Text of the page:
Quality Sleep: The Myths & Benefits
Are you guilty of believing these sleep myths?
Getting quality sleep sure can have its challenges. As a result, people believe they can learn to function on less sleep. Some even believe they can make up their sleep deficit on the weekends. Sound like you? Unfortunately, these beliefs are false — and they are two of the three most common sleep myths. Read on to find out what our very own Pete Bils, Vice President, Sleep Science & Research, has to say about the myths and benefits of getting quality sleep.
You may have it all wrong …
I can teach my body to function on less sleep.
When you are getting less sleep than your body needs, you lose the ability to tell that you’re impaired (much like the effect of consuming too much alcohol). Ah, that explains why your fuzzy brain can’t finish a sentence at work.
I can “catch up” on sleep later.
Sorry, but the sleep deficit you accrue during the week can’t be balanced out by sleeping more on the weekend. There are cumulative, negative health effects from inadequate sleep. Sleeping later on the weekends shifts your body’s sleep schedule, making it even harder to get proper sleep the following week. If you fall behind, your best bet is to get back to a regular, consistent sleep schedule vs. thinking you can binge sleep to make it all better.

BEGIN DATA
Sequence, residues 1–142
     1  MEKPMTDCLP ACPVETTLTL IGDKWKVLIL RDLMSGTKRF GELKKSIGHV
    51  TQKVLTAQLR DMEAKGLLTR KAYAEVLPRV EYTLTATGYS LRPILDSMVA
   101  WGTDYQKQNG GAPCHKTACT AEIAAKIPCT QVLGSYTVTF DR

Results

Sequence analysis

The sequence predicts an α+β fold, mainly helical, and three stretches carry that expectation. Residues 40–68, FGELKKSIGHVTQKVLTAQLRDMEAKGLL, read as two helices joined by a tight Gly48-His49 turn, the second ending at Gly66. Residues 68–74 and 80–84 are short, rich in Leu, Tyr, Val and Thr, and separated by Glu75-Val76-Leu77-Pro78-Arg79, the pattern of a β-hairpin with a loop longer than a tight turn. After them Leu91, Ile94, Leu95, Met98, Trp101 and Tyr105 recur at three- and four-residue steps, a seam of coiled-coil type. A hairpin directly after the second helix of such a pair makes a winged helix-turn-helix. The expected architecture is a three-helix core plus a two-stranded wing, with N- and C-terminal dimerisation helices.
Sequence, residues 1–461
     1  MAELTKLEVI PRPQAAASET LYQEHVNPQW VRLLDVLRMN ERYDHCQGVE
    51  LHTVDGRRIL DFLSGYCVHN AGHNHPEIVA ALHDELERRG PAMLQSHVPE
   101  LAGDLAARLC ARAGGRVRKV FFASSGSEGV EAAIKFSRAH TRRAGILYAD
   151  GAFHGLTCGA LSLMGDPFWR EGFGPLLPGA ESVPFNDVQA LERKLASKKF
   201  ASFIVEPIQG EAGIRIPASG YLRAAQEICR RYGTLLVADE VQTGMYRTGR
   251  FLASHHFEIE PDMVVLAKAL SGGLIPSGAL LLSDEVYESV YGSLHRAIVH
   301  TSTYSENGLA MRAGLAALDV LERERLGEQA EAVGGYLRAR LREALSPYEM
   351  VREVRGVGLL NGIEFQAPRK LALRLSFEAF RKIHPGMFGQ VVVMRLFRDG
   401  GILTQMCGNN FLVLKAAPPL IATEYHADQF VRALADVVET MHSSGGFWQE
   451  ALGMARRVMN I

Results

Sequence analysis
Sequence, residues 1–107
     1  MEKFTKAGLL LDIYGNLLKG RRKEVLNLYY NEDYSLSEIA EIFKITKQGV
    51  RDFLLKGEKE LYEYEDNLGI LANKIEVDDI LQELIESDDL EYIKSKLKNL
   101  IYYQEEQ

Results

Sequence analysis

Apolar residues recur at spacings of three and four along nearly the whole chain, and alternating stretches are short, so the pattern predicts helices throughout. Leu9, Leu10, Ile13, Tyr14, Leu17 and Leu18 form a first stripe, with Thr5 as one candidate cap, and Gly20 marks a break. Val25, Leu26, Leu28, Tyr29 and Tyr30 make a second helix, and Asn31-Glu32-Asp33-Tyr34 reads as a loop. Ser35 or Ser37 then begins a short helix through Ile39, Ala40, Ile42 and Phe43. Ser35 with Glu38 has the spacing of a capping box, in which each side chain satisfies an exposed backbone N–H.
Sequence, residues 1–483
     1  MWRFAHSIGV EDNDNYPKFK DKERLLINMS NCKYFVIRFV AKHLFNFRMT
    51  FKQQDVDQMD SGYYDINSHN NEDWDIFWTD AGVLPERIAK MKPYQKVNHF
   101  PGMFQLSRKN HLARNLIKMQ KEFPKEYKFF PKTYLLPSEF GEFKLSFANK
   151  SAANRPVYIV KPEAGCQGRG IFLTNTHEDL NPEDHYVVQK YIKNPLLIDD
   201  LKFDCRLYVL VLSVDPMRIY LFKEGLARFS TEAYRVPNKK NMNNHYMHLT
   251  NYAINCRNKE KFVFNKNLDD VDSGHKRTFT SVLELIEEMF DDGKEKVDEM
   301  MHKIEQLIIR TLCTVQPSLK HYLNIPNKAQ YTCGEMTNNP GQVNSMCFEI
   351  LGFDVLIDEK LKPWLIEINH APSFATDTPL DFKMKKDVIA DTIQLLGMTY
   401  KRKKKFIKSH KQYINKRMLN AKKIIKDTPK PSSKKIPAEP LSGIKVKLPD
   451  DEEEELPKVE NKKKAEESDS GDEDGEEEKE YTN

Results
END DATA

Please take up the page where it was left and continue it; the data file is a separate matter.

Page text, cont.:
It’s the amount of sleep that matters.
The truth is that sleep quality is as important as quantity. Not all sleep is created equal — just as junk food fills you with empty calories, “junk sleep” can occupy your night but not perform the restorative sleep functions your body needs. The choices we make during the day, such as what we consume, our activity and stress levels, and our sleep environment, affect the quality of sleep we get at night.
So, then, what are the benefits of getting quality sleep?
Sufficient, high-quality sleep
People who get enough quality sleep:
- Have more energy
- Have better cognitive function
- Have healthier immune systems
- Have improved memory, alertness, attentiveness and performance throughout the day
- Are in a better mood
- More easily learn and perfect new skills
- Are better able to connect new information with current knowledge
- May better manage pain (as the analgesic aspects of sleep increase pain thresholds)
- (Those who sleep eight hours per night) have higher levels of the appetite suppressing hormone leptin, which helps improve weight control.
See why we love sleep so much?!
Sleep involves the most powerful set of processes in the body when we let it happen naturally. Unfortunately, many of us put barriers in the way of sleep and then struggle with the consequences.
For more tips to manage your sleep debt, check out these 5 tips.
Experts say when you can’t get the 7 to 8 hours of sleep you need, focus on getting QUALITY sleep over quantity. Sleep Number customers who adjust the firmness of their bed — their Sleep Number® setting — are 58% more likely to have improved sleep quality.* SleepIQ® technology inside the beds lets you track and optimize your sleep so you know how to adjust for your best night’s sleep, and Sleep Number research shows people who used SleepIQ® technology experienced improved sleep quality and more restful time in bed.
*Increase measured in a 2015 Select Comfort study including 1,079 individual participants.